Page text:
Addressing the Palestinian issue in his speech, Netanyahu said, “The Palestinians could greatly benefit from a broader peace. They should be part of the process, but they should not have a veto over the process.”
“And I also believe that making peace with more Arab states would actually increase the prospects of making peace between Israel and the Palestinians,” he added.
In an interview with Fox News on Wednesday, Saudi Crown Prince Mohammed bin Salman that “every day we get closer” to Saudi Arabia normalizing ties with Israel while clarifying that the Palestinian issue is still a “very important” component of the process.
“We hope it will reach a place that it will ease the life of the Palestinians, and get Israel as a player in the Middle East,” bin Salman added, notably expressing his desire to improve Palestinian livelihoods, rather than secure the Palestinians a state of their own.
Palestinian statehood has long been a formal goal of Saudi Arabia, which introduced the Arab Peace Initiative in 2002, offering Israel normalized relations with the entire Arab world only after it negotiated a two-state solution with the Palestinians.
The Palestinian Authority has sought to engage with Saudi Arabia regarding the latter’s effort to normalize ties with Israel, despite Riyadh’s possible abandonment of the API formula for peace with the Jewish state.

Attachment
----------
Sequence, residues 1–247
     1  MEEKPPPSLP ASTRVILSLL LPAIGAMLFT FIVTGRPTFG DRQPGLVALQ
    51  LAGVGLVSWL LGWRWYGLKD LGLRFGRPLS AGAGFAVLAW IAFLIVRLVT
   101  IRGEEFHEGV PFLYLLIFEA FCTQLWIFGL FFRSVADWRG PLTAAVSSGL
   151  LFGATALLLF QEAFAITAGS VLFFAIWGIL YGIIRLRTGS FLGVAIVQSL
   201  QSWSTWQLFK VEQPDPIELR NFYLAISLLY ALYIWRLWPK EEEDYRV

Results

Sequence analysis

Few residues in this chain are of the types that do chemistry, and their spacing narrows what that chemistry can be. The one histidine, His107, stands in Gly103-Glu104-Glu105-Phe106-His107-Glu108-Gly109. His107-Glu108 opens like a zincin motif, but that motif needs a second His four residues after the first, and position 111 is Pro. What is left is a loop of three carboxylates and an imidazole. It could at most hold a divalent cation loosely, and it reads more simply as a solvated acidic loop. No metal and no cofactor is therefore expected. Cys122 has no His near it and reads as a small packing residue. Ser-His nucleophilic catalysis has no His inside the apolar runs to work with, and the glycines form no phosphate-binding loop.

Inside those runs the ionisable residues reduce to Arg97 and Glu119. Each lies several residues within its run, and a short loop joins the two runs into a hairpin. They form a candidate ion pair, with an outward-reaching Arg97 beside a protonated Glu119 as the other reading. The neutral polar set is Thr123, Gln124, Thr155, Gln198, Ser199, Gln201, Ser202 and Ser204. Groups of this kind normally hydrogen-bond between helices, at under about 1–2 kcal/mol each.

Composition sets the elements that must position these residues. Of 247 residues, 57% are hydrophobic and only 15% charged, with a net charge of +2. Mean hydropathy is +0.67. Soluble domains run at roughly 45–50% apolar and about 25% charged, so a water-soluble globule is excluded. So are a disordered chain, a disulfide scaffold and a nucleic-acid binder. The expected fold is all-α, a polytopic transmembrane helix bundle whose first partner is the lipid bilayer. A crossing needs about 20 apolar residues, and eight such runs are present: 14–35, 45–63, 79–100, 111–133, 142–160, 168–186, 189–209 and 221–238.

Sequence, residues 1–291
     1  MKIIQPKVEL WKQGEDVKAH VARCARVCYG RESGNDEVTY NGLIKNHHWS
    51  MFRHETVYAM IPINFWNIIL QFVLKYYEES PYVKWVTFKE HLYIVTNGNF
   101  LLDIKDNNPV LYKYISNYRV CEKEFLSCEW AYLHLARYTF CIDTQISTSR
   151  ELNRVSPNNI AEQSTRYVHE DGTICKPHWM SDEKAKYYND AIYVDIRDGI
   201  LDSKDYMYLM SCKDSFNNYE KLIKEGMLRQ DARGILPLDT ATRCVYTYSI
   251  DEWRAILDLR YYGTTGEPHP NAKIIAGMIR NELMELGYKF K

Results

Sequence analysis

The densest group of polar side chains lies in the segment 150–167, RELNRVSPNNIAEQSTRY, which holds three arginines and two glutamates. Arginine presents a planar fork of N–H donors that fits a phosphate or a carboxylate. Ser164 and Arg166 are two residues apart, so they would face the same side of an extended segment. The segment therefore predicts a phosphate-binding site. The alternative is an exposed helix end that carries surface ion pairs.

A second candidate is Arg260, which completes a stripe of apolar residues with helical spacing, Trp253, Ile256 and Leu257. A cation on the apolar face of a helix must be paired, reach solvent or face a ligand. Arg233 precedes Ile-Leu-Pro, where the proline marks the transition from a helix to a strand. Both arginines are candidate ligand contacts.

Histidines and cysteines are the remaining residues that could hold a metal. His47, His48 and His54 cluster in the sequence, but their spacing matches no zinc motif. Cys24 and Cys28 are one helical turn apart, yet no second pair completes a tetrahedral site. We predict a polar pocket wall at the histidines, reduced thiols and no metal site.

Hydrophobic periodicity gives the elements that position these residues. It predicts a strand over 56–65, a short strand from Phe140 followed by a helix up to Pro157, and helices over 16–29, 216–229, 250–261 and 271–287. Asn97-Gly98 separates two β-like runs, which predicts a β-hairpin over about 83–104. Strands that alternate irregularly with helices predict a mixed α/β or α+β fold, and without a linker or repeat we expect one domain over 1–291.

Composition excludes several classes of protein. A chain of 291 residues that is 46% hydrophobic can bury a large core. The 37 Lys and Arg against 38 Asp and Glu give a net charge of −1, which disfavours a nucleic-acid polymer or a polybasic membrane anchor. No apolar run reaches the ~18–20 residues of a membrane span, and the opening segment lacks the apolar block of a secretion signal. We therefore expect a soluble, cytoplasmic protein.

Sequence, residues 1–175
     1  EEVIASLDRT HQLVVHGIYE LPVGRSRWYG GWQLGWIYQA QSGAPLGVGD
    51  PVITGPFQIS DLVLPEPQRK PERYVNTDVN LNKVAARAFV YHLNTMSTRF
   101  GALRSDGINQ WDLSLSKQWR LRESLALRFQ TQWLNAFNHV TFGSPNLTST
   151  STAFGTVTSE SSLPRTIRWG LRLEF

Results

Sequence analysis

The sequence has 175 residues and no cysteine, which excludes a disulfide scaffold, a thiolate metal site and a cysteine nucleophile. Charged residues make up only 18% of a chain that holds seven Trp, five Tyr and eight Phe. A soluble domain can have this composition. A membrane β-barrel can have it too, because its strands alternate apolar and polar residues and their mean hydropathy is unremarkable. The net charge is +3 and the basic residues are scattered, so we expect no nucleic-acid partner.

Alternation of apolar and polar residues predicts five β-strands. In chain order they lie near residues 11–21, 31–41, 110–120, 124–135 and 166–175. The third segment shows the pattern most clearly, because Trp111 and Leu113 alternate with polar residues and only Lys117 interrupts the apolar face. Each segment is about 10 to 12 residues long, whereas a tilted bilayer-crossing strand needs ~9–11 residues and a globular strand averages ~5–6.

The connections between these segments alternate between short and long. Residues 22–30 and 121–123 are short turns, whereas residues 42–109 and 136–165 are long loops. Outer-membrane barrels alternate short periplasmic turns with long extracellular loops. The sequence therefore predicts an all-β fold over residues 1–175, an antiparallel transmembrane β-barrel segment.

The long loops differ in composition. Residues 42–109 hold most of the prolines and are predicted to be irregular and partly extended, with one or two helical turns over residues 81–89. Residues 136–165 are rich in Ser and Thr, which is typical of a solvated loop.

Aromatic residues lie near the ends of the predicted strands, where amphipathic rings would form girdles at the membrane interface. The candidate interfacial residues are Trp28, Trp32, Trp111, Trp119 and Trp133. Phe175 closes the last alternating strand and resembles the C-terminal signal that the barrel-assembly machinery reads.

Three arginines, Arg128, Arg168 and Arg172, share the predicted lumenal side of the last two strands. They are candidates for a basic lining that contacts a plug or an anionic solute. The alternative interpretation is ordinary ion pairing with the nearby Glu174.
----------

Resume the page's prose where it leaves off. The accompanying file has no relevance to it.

Rather than boycotting the process altogether, as it did during the Abraham Accords, Ramallah hopes that it will be able to receive more significant concessions from the parties involved if it is part of the process.
The PA has also lowered its demand from one of statehood-or-nothing, instead asking for intermediate steps such as US backing for recognition of Palestine as a full member state at the United Nations, the US reopening its consulate in Jerusalem that historically served Palestinians, the scrapping of congressional legislation characterizing the PLO as a terror organization, the Israeli transfer of West Bank territory to Palestinian control, the razing of illegal outposts in the West Bank, according to officials familiar with the matter.